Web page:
Stephen Ubl became president and CEO in 2005 of the Advanced Medical Technology Association, a 270-member group representing manufacturers of medical devices, diagnostic products and medical information systems. Ubl joined AdvaMed in 1998 as executive vice president of federal government relations. He previously served as vice president of legislation for the Federation of American Hospitals and worked as an aide to Sen. Chuck Grassley (R-Iowa). As a lobbyist, Ubl has led efforts to change the Food and Drug Administration product-review process and Medicare's coverage and reimbursement of medical technologies. Modern Healthcare reporter Sabriya Rice recently spoke with Ubl about the potential impact of new payment models, as well as regulatory and tax issues, on the $110 billion device industry. This is an edited transcript.
Modern Healthcare: What are the safeguards AdvaMed believes are needed to protect innovation as the use of value-based payment models grows?
Stephen Ubl: We support the movement away from fee-for-service toward models that reward providers for quality rather than volume. We believe medical technology will be a key contributor to the success of those models, enabling providers to better manage patients with chronic conditions. But the metrics aimed at reducing costs are strong and the quality standards are pretty weak. If a provider is trying to keep their costs below a financial benchmark based on historical costs, there could be a disincentive for adopting a new technology that may increase costs in the short term but decrease cost in the long term.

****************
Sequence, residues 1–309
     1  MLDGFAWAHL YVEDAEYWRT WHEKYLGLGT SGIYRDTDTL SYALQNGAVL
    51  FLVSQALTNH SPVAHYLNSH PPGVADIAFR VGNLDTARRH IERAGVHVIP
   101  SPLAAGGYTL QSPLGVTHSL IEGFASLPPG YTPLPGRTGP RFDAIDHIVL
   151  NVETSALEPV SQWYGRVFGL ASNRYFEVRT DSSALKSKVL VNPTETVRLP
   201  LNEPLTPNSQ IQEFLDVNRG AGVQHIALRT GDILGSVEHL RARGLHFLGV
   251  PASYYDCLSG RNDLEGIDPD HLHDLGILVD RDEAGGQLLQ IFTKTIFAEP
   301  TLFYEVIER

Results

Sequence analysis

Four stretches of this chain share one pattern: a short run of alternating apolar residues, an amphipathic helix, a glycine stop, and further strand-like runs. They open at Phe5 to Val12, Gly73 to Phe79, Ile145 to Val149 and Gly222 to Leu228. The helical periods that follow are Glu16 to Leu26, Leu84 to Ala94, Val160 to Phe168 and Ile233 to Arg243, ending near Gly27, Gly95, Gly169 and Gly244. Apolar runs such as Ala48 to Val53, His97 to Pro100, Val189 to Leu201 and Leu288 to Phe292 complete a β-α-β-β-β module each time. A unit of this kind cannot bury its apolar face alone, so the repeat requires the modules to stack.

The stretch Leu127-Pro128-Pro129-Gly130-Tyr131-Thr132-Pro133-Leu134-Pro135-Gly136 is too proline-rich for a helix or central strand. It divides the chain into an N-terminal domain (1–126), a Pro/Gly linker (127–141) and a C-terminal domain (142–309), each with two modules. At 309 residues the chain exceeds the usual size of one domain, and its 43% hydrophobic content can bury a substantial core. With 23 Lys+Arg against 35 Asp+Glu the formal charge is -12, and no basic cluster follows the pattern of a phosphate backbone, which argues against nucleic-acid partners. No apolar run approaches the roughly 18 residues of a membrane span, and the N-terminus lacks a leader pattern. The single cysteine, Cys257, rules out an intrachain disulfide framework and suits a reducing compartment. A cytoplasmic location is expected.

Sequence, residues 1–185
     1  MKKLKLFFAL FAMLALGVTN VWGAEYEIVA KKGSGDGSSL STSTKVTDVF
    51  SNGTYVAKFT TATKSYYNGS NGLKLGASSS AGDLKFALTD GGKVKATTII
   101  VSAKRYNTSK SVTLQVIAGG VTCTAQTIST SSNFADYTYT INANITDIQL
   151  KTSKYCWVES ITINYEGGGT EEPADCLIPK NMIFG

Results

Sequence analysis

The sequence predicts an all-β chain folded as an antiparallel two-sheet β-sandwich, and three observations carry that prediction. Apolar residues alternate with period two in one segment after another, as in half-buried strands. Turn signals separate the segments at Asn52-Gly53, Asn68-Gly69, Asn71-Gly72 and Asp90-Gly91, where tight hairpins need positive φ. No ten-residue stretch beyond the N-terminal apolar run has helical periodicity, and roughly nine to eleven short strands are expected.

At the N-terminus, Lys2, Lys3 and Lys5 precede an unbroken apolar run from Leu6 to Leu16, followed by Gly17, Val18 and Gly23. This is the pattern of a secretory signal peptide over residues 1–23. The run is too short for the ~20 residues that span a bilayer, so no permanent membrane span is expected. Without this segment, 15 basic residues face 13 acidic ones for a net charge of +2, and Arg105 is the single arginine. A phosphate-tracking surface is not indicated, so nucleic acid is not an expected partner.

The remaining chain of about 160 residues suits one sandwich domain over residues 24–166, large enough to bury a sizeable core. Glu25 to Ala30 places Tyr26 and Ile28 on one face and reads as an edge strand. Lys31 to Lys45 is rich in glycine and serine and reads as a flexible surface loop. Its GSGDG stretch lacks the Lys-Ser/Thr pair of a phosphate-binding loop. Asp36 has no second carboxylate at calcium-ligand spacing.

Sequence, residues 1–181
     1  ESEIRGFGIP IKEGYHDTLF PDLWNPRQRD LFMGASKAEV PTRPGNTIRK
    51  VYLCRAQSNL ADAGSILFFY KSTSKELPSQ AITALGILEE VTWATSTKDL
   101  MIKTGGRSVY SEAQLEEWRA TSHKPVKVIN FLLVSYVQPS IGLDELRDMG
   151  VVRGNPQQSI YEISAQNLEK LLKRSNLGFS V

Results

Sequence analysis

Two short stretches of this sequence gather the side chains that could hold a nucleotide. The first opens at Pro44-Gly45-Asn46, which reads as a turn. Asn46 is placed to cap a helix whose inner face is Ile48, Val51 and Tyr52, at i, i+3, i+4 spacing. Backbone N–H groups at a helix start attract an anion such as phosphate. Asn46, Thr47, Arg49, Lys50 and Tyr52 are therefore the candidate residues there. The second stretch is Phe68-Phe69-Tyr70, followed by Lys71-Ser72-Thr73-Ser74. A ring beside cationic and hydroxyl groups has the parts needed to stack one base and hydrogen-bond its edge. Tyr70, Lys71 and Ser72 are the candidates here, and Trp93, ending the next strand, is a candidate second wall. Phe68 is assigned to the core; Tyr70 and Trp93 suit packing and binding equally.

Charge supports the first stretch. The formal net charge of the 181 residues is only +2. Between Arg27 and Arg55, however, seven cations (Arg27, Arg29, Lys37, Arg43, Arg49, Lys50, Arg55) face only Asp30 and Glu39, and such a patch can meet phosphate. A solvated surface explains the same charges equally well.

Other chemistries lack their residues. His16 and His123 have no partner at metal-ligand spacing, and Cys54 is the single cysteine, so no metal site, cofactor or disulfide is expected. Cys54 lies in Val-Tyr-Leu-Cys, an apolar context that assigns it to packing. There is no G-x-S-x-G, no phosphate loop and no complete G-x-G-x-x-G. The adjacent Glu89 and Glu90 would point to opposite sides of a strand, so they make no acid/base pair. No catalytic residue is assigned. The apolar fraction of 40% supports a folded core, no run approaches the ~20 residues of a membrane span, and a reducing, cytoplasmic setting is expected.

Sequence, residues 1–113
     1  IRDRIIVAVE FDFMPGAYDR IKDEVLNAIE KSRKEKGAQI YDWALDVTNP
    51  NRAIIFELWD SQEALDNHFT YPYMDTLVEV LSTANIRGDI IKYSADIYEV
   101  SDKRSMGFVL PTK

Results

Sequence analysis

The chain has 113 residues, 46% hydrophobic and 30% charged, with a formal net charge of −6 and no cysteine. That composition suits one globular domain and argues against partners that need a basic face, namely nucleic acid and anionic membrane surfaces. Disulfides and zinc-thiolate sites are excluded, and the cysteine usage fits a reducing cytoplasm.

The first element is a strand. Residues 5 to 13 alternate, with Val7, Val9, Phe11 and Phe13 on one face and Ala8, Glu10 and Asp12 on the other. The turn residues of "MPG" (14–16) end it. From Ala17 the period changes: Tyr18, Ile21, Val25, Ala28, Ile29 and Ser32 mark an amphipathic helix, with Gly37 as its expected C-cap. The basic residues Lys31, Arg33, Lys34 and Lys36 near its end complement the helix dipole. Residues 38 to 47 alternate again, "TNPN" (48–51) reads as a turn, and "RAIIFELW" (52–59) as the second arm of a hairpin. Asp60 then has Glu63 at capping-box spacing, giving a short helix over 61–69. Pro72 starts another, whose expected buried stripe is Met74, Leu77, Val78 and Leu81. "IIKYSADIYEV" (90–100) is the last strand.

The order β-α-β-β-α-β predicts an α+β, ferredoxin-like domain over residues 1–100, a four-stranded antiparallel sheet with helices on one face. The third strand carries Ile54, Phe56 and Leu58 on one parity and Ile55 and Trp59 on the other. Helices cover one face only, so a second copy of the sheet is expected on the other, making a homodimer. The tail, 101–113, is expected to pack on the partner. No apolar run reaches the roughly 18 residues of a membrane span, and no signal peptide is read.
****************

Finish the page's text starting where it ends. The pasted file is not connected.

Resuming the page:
So we have advocated for transitional mechanisms to create room for new technologies, not unlike new technology add-on payments in the hospital inpatient setting. The transitional mechanism might last for two to three years, after which that benchmark can be recalibrated to reflect the new technology. We want to make sure as these new treatment paradigms evolve that we don't have unintended consequences, such as skimping on care.